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Planning as a Function of Management

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  • 0:04 Why Managers Plan
  • 2:35 Planning as a Function…
  • 4:44 Barriers to Effective Planning
  • 7:05 Lesson Summary
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Lesson Transcript
Instructor: Sherri Hartzell

Sherri has taught college business and communication courses. She also holds three degrees including communications, business, educational leadership/technology.

In this lesson, you will learn the role of planning as a function of management. Discover the advantages of and barriers to planning, and how it is used to achieve organizational goals.

Why Managers Plan

Have you ever walked up to a pretty girl, and when you started to talk, nothing came out but silence? Have you run out of gas just a few miles from the nearest gas station? Have you found yourself freezing cold, wishing you had worn a sweater? Or maybe you have had to pull an all-nighter to finish a project that you procrastinated on until the last possible minute? What all these scenarios have in common is a lack of planning. Having a plan is a good practice for everyone, especially for managers.

Here are some of the reasons why it is a good idea for managers to plan:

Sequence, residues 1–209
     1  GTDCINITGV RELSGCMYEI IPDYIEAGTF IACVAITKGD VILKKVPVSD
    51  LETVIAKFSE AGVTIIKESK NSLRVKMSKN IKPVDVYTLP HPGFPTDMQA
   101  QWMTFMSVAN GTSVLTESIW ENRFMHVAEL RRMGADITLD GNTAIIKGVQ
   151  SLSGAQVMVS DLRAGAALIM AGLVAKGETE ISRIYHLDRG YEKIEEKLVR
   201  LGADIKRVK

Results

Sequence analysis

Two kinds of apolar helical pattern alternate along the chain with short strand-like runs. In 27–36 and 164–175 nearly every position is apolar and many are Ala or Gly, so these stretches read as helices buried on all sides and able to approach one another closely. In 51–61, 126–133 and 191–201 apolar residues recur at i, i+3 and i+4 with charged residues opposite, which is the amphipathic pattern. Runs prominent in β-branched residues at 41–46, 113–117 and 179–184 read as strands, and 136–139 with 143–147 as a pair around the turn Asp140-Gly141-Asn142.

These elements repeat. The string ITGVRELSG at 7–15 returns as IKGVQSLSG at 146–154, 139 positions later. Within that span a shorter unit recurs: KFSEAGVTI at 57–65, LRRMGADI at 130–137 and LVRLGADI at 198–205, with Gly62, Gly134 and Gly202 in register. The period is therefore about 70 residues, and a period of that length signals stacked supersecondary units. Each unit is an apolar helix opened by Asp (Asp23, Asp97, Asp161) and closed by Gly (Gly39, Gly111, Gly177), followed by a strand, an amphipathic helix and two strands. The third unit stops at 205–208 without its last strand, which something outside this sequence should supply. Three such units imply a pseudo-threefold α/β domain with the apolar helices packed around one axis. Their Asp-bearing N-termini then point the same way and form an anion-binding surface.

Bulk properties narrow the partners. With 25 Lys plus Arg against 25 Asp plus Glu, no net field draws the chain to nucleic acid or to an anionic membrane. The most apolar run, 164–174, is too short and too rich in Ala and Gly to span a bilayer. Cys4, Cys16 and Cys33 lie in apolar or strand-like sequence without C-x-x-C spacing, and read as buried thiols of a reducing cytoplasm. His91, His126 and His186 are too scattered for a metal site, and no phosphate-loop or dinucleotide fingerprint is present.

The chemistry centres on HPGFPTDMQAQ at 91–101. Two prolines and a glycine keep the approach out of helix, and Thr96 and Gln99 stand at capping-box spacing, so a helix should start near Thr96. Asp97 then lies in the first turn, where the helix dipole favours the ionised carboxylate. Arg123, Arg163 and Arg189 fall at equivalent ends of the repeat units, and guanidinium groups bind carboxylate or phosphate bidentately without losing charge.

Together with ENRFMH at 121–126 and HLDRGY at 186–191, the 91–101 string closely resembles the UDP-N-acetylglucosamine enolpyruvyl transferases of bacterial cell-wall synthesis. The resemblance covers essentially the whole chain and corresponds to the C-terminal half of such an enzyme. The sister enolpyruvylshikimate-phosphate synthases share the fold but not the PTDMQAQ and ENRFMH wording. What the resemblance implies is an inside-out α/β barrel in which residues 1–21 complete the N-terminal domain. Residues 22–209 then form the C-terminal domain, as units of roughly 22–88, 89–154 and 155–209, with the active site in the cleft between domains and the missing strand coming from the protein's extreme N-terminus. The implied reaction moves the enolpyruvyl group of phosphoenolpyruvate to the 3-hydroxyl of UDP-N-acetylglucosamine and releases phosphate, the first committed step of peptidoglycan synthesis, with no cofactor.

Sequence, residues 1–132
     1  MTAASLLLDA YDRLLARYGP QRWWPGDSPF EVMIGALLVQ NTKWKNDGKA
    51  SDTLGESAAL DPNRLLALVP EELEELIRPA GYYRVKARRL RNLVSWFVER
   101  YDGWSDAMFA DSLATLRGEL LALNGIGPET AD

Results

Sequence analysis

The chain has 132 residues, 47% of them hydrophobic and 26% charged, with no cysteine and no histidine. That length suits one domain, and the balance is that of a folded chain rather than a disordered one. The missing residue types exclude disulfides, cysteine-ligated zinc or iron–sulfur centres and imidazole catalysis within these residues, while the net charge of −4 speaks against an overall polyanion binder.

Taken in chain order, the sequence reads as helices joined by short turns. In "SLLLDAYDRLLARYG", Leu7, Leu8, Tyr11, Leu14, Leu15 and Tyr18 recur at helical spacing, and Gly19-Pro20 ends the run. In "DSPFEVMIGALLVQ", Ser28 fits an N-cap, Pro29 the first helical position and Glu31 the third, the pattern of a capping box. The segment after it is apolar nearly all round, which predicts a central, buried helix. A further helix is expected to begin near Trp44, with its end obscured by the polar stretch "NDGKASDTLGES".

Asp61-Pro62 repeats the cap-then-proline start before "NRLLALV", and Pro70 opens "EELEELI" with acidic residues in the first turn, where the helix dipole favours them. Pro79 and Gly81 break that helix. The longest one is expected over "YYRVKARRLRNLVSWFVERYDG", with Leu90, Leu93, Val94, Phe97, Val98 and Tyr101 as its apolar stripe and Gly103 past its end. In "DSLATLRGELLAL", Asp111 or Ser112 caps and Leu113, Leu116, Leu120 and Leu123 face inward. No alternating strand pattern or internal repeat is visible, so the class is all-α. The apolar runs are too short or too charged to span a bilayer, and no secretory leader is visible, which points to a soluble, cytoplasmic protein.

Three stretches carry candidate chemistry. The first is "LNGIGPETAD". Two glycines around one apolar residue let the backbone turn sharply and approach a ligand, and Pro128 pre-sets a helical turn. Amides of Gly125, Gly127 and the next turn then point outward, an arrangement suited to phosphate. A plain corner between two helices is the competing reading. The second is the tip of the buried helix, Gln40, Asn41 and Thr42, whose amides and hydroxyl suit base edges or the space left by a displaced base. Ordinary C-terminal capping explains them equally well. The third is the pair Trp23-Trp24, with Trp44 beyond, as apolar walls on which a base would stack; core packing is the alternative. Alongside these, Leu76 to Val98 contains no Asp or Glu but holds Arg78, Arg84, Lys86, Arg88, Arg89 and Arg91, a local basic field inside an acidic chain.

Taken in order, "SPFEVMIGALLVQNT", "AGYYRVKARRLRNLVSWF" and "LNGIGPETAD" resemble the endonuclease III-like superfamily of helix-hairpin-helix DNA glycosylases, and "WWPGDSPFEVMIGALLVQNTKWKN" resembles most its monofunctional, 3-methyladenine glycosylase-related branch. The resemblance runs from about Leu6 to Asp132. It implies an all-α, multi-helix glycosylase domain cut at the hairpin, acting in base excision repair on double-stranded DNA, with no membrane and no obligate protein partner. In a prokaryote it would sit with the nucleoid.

• Managers can examine critical issues facing the organization instead of waiting for them to blow up in their face. Allowing uncertainty, high risk and doubt to rule in an organization is never a good idea. Planning allows a manager to determine organizational goals and define a means of achieving them.
  • A manager can set explicit guidelines for decision-making when done in advance. This allows the manager to be both small picture- and big picture-minded when making decisions.
  • A manager is able to be more proactive than reactive in decisions. Failing to plan will take away your ability to look into the future and potentially predict an inevitable event before it becomes an issue. Planning increases the likelihood of long-term survival of an organization.
  • A manager can focus attention on organizational goals and results.
  • A manager is able to create ownership of the plan and develop a team that buys into and accepts accountability for their role in the plan.
  • A manager can provide a sense of direction, vision, rationale and purpose for the plan, which can be easily communicated to other members of the organization, showing them how serious a manager is about reaching organizational goals.
  • A manager can create a competitive advantage by taking the time to plan - a process that allows an organization to examine who they are in relation to their competition and thus provide a good deal of insight into how to be better than that competition.

Now that we know why it's a good idea for managers to plan, let's dive a bit deeper into the planning function of management.

Planning as a Function of Management